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The following sentence:

  • Er hat mir für den alten Wagen noch 800 Euro geboten

appears in the Goethe Institut B1 vocabulary list.

I understand that the speaker has been offered 800 Euro for the car, but what function does »noch« serve. I ask, primarily because several translation sites give the same English translation, whether the word »noch« is present or not.

The ideas that have crossed my mind include:

  1. That the 800 Euro is in addition to whatever amount had been asked for.
  2. Something similar to »auf jeden Fall«, to suggest that despite the car being in terrible condition, the speaker was nonetheless offered 800 Euro.
  3. A function similar to a modal particle, indicative of some attitude on the part of the speaker.

Is any one of these correct?

3 Answers 3

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Here noch is an adverb. It can be used to express that a state still continues (often with the subtext that it will not continue for very much longer).

In this case, the speaker expresses a bit of suprise that the potential buyer is still offering 800 Euros for the old car. It looks like, the car is still in the state of being worth this much (but we can assume it won't be for much longer).

Er hat mir für den alten Wagen noch 800 Euro geboten.
He still offered me 800 Euro for the old car (even though it has all those dents).

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  • This seems like the most likely interpretation (IMO/mMn), but Goethe doesn't really provide a lot of context here. I'm thinking you can rephrase with aber: Der Wagen ist alt, aber er hat mir 800 Euro dafür geboten. I didn't see this meaning listed in DWDS though; did I miss something?
    – RDBury
    Mar 21, 2022 at 13:35
  • @RDBury In my opinion, your rephrasing misses the "scale aspect". Let's take the example "Er ist noch krank". This sentence looks at the time scale: He's still sick now, with the implication that he'll get better in the forseeable future. With "Er hat mir ... noch 800 Euro geboten", there's kind of a "worth scale" in my opinion. The older and more used the car gets, the lower its value gets. But we're now still at the stage where the value is relatively high (800 Euro). So I'd categorize this use of "noch" under meaning 1.1. in DWDS. Mar 21, 2022 at 15:32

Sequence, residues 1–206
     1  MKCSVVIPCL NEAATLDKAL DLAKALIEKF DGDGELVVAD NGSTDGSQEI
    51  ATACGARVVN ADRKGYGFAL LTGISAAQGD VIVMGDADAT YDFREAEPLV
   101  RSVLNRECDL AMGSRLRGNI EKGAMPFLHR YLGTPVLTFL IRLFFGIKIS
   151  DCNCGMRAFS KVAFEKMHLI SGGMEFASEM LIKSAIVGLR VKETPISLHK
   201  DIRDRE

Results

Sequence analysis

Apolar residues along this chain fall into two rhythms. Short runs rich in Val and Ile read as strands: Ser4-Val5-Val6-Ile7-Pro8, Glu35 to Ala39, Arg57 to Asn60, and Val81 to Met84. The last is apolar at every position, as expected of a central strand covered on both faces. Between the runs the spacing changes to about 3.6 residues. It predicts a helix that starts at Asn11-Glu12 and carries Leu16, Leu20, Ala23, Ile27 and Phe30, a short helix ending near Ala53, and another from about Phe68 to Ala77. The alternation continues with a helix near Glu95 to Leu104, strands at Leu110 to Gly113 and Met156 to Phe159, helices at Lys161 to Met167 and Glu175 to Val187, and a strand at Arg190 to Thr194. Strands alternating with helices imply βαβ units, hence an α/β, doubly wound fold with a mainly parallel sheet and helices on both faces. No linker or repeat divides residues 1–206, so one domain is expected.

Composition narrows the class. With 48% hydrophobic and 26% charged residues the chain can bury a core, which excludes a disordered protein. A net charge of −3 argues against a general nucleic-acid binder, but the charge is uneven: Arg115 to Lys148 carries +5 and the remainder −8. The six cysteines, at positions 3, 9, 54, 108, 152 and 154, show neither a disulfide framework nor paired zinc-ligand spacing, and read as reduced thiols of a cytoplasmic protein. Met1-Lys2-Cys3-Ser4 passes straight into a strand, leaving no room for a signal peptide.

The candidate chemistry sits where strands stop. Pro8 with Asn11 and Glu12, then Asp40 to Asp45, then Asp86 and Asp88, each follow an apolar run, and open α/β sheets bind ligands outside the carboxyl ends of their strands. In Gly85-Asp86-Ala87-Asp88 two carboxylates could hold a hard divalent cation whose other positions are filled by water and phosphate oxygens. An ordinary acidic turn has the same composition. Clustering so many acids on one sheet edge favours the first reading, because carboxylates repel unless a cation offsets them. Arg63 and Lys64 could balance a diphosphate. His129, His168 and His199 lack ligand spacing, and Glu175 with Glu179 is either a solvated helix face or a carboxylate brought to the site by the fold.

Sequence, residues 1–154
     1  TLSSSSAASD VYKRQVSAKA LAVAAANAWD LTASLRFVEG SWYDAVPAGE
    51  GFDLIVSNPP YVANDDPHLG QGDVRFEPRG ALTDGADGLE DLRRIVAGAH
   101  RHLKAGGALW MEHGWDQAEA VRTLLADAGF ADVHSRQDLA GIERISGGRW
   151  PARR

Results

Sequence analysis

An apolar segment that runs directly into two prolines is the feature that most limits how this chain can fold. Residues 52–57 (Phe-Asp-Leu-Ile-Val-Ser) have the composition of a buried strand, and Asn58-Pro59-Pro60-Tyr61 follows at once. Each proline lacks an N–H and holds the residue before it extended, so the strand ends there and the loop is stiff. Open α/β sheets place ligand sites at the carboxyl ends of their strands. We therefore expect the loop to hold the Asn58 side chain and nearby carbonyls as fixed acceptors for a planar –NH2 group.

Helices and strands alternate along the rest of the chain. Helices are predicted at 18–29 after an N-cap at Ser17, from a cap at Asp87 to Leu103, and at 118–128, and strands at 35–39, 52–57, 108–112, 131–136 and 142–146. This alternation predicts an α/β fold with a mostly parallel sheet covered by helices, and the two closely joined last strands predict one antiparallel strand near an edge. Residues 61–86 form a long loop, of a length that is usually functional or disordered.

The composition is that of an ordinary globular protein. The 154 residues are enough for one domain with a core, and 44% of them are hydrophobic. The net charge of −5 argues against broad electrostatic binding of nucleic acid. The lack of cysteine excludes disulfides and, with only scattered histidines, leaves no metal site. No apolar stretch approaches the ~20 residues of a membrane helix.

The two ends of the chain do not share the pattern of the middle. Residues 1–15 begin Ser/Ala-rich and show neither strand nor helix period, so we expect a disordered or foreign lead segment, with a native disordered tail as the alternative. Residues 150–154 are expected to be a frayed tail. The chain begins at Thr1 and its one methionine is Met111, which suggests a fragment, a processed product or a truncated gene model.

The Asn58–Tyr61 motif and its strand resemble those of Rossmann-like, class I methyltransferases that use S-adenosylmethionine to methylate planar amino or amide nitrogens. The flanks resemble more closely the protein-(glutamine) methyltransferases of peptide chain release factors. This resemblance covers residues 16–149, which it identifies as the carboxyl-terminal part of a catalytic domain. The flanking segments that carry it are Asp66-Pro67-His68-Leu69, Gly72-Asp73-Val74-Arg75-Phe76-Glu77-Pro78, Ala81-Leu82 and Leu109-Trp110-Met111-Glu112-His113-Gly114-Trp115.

• Thanks for the clarification. That seems to be a difference between noch and "still" that I wasn't aware of.
    – RDBury
    Mar 21, 2022 at 19:33
  • @HenningKockerbeck does "noch" in the given sentence equal "dennoch": //Er hat mir für den alten Wagen dennoch 800 Euro geboten.// ?? Mar 21, 2022 at 22:11
  • @HenningKockerbeck and if I may also ask, what meaning would be conveyed with a "doch": //Er hat mir für den alten Wagen doch 800 Euro geboten.// ?? Mar 21, 2022 at 22:13
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In this case, the speaker indicates with "noch" some own opinion, but it is not 100% precise, if this is a good or bad bid:

  1. although an old car, he bids 800€ for it, in meaning of "immerhin"
  2. because an old car, he bids 800€, in meaning "nur"
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  • 4
    I vote for your answer one; the second would most likely be phrased nur noch or gerade noch; therefore I can't recognize the ambiguity.
    – guidot
    Mar 21, 2022 at 11:37
  • I think that's the point: in full it could be "dennoch" or "nur noch". And maybe used or understood slightly different at different regions. Mar 22, 2022 at 17:12
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'noch' is a modal particle indicating that he 'still' got £800 despite the car being old.

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  • €, not £, though.
    – Carsten S
    May 13, 2022 at 14:52

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